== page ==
By Deia Schlosberg
January 20, 2008
Gregg and I did one pretty uneventful section around the entire Bariloche area before David, Gregg's brother, arrived in Puerto Montt. Uneventful in that nothing ridiculous happened; we hiked on some trail and some dirt track, through some woods and some desert-like areas. We met and met up with, respectively, some lovely local folks as well as some old friends (the Canadians, Sam and Dave, on their own epic tour). Then a confusing rendezvous brought brothers together for the first time in months, and we were quickly off to Cochamo, the start of the next section. From the maps, all of them, this hike is a clear-as-day, easy to follow route that arcs down to the Argentinian border town of Lago Puelo. As we were crossing the first foot-bridge into the forest, however, two men on horseback with ample trail-clearing tools passed us and informed us that they were heading up ahead to do some clean-up. What fortune. Had they not been there, and timed their task so perfectly, we would have doubled our trek-time. As it was, even cleared, the trail was no easy task. It turned out to be a marvel of 1880's trail maintenance, with myriad bog bridges and deeply-carved trail, however, 130 years of rains, season changes and horse traffic does not do wet wood well, nor muddy passages, and the usual downed trees and bamboo on top of this would have made it even more of a project. But as it was actual trail, it was appreciated, and as it was recently cleared, the men ahead of us, worshipped.
I realize writing this, and with the added perspective of having had David's outside eyes with us for several weeks, that my life here, doing this project, is extremely simple, and maddeningly complicated simultaneously. The route, the presence of a WAY, is everything. Gregg and I were feeling at an end about one week ago, having been rejected by a trail that was absolutely impossible to follow safely without horses or ropes (due to the number and difficulty of high river crossings). This trail, we believed at the time, was the only viable way toward the south that was humanly possible and not on roads; it was a symbol of our integrity in finishing this task the way we want to---without relying on roads, and through the mountains. So getting denied at the trail-head of this camino and turning around left us with a lot of questions. We are getting toward the end, but still have a not-so-small amount of distance to cover, and if simply finding a possible route is going to be this hard the rest of the way ... We did manage to find another not-exactly-south-bound route to take to keep us moving, but the question of a simple WAY has remained a shadow about our beings. Today however, a small shop in Coyhaique restored some light for us by having topographic maps and knowledge of the entire region just ahead of us. I can feel a weight lifted and have hope in the journey again. It's bizarre that such a simple, specific piece of information is responsible for my overall outlook on the world and my purpose for the time being. I'm not sure if I like that or not, but that is the reality of my life for now, and I'm very aware of it.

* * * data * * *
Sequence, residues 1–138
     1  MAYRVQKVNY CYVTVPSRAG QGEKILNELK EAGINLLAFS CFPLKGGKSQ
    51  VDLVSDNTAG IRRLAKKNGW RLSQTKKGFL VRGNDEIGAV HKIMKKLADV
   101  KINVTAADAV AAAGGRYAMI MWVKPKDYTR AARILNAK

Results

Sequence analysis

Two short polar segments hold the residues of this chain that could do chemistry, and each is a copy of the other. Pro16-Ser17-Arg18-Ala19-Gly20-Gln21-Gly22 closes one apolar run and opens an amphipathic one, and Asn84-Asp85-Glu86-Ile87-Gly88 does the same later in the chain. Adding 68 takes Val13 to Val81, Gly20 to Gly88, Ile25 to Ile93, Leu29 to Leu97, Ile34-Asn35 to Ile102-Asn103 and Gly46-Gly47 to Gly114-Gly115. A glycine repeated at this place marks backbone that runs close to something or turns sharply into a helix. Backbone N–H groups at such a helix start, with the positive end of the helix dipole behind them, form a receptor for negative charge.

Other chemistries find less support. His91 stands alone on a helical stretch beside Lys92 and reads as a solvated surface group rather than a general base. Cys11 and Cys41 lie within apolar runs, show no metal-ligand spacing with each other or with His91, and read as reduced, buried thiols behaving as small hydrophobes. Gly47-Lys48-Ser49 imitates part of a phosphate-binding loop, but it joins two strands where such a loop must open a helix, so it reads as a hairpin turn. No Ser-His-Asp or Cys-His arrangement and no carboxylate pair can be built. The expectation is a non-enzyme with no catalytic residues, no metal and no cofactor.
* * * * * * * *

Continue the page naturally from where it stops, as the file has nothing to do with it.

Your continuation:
Acutely aware of it. I try not to judge myself one way or another for living as I am, but I know that while people in my very close circle have big things to think about like cancer and college, grad degrees and new houses, births, deaths, promotions, lay-offs, career changes, I am preoccupied with a single map. A single trail. Finding one person who might have some extra bread to sell us. One river to get water from, nine miles away. I wonder what lessons I will take with me from such a specific and complicated sustained simplicity when I return and have big things to be preoccupied with again. Not that the map isn't big. (Or the piece of bread, or the stream.) For us, it's everything.
David's everything was blisters. From the third day into the Cochamo hike, David was aware of his feet. David lives in a high-rise condo, blocks from downtown Chicago and dances with Macy Gray in nightclubs there. He is not used to picking bugs out of his drinking water and popping blood blisters between his toes. But he is open and adaptable, and pushed through everything we subjected him to with grace. He climbed steep, muddy slopes, grabbing onto bamboo stalks to keep from back-sliding and forded thigh-high rapids with the best of 'em. His feet, however, never took themselves out of the equation. The friction-induced bubbles of pain never left him alone, and by Esquel, Argentina, left him unable to walk. We had to employ a grocery cart to keep him mobile. But after a couple of rest days, and an unusually thrilling Monday night (again with old friends, including but not limited to the Canadians), he kept truckin' through it all.